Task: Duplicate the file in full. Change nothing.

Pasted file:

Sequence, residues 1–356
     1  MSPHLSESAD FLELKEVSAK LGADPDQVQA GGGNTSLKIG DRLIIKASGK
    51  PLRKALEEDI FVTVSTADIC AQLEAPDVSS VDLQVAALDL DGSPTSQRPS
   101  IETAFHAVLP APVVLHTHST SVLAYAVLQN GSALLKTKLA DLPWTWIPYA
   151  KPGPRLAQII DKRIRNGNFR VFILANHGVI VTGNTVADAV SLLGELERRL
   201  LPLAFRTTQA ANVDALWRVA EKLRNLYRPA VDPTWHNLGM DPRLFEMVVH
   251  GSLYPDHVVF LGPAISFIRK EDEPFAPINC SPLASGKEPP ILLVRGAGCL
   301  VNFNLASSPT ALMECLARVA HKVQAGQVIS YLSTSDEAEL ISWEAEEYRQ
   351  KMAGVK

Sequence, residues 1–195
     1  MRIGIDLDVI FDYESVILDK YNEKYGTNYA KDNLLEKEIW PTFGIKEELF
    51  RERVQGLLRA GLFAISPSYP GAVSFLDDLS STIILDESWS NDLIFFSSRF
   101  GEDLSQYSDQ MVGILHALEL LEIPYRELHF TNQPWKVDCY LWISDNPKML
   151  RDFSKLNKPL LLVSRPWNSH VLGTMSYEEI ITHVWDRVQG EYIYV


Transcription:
Sequence, residues 1–356
     1  MSPHLSESAD FLELKEVSAK LGADPDQVQA GGGNTSLKIG DRLIIKASGK
    51  PLRKALEEDI FVTVSTADIC AQLEAPDVSS VDLQVAALDL DGSPTSQRPS
   101  IETAFHAVLP APVVLHTHST SVLAYAVLQN GSALLKTKLA DLPWTWIPYA
   151  KPGPRLAQII DKRIRNGNFR VFILANHGVI VTGNTVADAV SLLGELERRL
   201  LPLAFRTTQA ANVDALWRVA EKLRNLYRPA VDPTWHNLGM DPRLFEMVVH
   251  GSLYPDHVVF LGPAISFIRK EDEPFAPINC SPLASGKEPP ILLVRGAGCL
   301  VNFNLASSPT ALMECLARVA HKVQAGQVIS YLSTSDEAEL ISWEAEEYRQ
   351  KMAGVK

Sequence, residues 1–195
     1  MRIGIDLDVI FDYESVILDK YNEKYGTNYA KDNLLEKEIW PTFGIKEELF
    51  RERVQGLLRA GLFAISPSYP GAVSFLDDLS STIILDESWS NDLIFFSSRF
   101  GEDLSQYSDQ MVGILHALEL LEIPYRELHF TNQPWKVDCY LWISDNPKML
   151  RDFSKLNKPL LLVSRPWNSH VLGTMSYEEI ITHVWDRVQG EYIYV